In principle, almost every digital camera is capable of acquiring polariscope images. But for the determination of retardations out of the isochromatic fringes all parameters regarding the exposure and image quality shall remain constant for a calibrated system. That means, it is constructive to remain with the exposure time, aperture, sensitivity of the sensors and the white-balance constant.

Normally, the dimensions of architectural glass panes are larger than 1 m2 , so it is not a practical solution to built a polarized light source with the dimensions of the pane. Therefore we use a setup with a commercial line-scan camera Dalsa Spyder3 Color (SC-34-02K80) with 2048 pixels in width and a common white LED bar light with a color temperature of 6500 K. The light of the LED bar is circular polarized with ITOS CP42HE polarization filters because of their high transmission in direction of polarization and a good blocking of the other directions for a large spectral bandwidth. Furthermore such foils can be easily applied to the bar lights. The analyzer is also made of a CP42HE but with a 90° rotated retarder.

With this setup it is possible to acquire images of glass panes with a width of 2.0 m and almost unlimited length. This leads to a resolution of about 1 mm/pixel which seems to be high enough, if one remembers the typical patterns (Figure 1  ;  Figure 2 ) of the anisotropies.

### 5.2. Calibration

The calibration of the camera and polariscope system is the most important step to get high quality results out of the method.

There is some previous work on determination of a color-retardation dependence. An actual and good overview is given in Sørensen (2013) . Here the analytic calculation of the interference color chart or also known as Michel–Lévy chart is prescribed (Figure 9 ). The so-derived charts are good to estimate the order of the fringe and therefore the retardation with the human eye. But it does not account for the artificial effects that arise in the light path and will lead to a color shift, for example the color change due to the color of the filters or the non-perfect horizontal wavelength-transmission characteristic of the polarization filter or the problems due to the different spectral sensitivities of the sensor and RGB-conversions. Hence it is a great effort to calibrate the color-retardation dependence for the whole system polariscope, glass and image acquisition system.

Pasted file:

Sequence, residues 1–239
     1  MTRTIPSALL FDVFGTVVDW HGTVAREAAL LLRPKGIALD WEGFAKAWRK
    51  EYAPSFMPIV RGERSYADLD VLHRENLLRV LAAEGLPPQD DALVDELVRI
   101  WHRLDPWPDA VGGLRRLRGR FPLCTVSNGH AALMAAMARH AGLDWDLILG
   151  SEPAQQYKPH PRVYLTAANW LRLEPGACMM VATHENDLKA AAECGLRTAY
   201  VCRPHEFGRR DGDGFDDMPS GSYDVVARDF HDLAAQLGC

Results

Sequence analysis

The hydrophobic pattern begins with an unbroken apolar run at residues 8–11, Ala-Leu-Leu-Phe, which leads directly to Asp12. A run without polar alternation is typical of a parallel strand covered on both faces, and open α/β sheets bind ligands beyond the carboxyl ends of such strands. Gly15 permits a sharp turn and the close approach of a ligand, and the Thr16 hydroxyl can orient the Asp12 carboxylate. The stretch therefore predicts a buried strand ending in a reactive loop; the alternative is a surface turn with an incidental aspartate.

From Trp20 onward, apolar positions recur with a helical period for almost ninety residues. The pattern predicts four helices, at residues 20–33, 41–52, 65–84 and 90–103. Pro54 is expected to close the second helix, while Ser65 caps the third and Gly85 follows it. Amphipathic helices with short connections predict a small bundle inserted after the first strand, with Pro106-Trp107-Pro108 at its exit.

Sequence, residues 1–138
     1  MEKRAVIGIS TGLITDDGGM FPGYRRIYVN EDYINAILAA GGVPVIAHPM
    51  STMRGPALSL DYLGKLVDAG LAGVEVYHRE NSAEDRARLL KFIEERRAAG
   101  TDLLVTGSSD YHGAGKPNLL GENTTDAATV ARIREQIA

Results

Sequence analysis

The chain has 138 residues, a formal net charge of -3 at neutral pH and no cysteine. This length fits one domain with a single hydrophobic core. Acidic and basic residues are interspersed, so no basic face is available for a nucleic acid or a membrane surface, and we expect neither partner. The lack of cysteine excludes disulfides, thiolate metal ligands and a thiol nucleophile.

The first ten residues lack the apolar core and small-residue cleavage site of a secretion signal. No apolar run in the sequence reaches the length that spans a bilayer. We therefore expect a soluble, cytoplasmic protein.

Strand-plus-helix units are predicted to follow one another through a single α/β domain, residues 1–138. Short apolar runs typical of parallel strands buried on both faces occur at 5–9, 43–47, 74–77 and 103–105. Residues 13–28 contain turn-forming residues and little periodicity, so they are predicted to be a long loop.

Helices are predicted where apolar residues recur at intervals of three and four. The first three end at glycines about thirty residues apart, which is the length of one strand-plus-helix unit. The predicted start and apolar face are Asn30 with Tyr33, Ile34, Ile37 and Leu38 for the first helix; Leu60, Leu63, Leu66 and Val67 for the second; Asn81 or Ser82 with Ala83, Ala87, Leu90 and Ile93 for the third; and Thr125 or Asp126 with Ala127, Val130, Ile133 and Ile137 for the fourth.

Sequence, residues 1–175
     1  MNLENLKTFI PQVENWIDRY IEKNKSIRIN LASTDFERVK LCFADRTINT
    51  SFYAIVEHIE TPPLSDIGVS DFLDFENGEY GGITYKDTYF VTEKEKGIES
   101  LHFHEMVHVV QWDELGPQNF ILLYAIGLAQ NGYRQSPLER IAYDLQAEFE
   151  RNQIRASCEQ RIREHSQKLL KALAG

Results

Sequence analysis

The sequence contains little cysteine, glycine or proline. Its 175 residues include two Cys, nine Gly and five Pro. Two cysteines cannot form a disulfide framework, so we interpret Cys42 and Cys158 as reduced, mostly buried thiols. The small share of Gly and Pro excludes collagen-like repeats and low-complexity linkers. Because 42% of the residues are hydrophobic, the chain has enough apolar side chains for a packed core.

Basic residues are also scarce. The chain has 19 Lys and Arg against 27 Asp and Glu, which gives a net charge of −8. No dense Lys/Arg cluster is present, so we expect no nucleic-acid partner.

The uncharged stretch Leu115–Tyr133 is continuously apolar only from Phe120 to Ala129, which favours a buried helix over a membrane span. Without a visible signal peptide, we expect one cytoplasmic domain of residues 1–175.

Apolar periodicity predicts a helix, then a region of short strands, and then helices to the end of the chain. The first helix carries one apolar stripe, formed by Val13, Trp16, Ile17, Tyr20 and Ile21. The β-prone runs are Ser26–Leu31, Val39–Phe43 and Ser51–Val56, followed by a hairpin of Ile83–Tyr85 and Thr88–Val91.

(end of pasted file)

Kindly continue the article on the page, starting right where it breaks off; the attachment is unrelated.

Figure 9. Interference chart, determined according to Sørensen (2013) .

We conducted compression tests in a circular polariscope on small glass specimen to receive the sought-for relationship (Figure 8 ). Therefore the load was increased stepwise and images of the isochromatic fringes were acquired. With the aid of the stress-optical-law (Eq. (1) ) and the known principle stresses in that experiment the retardation can be determined and an array of ascending retardations and RGB-values can be built.

 Figure 8. Left: setup of the calibration experiments – (a) polarizer, (b) specimen with applied compression force, (c) analyzer, and (d) camera; right: calibration image.

### 5.3. Determination of retardation

The image of the glass pane (Section 5.1 ) delivers at each pixel values for the RGB channels (Rp , Gp , Bp ). For those values the retardation with smallest error according to Eq. (7) is searched in the calibration array with a parallelized loop algorithm:

 $\left(R_i-R_p\right)}^2+{\left(G_i-G_p\right)$ $\left(B_i-B_p\right)$
( 7)

That means, for each pixel of the image the search-algorithm has to go through all rows i of the calibration array. This leads to a huge numerical effort, and perhaps computation time. For example if we have a 10 MPx Image and a calibration array from zero retardation to 1000 nm in steps of 1 nm Eq. (7) has to be $\textstyle 10,000,000\times 1000=10,000,000,000$

 times evaluated. The simplest approach to overcome this problem is to reduce the search range within the calibration array. Normally, if we have anisotropies due to a retardation above the first order (560 nm) it is not needful to know the exact retardation because this glass pane has such high anisotropies that it does not make sense to categorize it in another than the worst group. Furthermore due to the structure of the data and the algorithm it is easy to parallelize the code. We used the OpenMP interface for FORTRAN. The determination of the retardation of each pixel for a 5 MPx image and a search range from 0 to 1000 nm retardation took about 10 s on a common notebook with an INTEL®CoreTM i5-4200U CPU. If the search range is halved the CPU time is also halved. So for the practical usage of this code the performance is good enough. In Figure 10  one can see the source image of a circular polariscope of a toughened glass and the corresponding plot of the retardation determined with the proposed method in Figure 11 .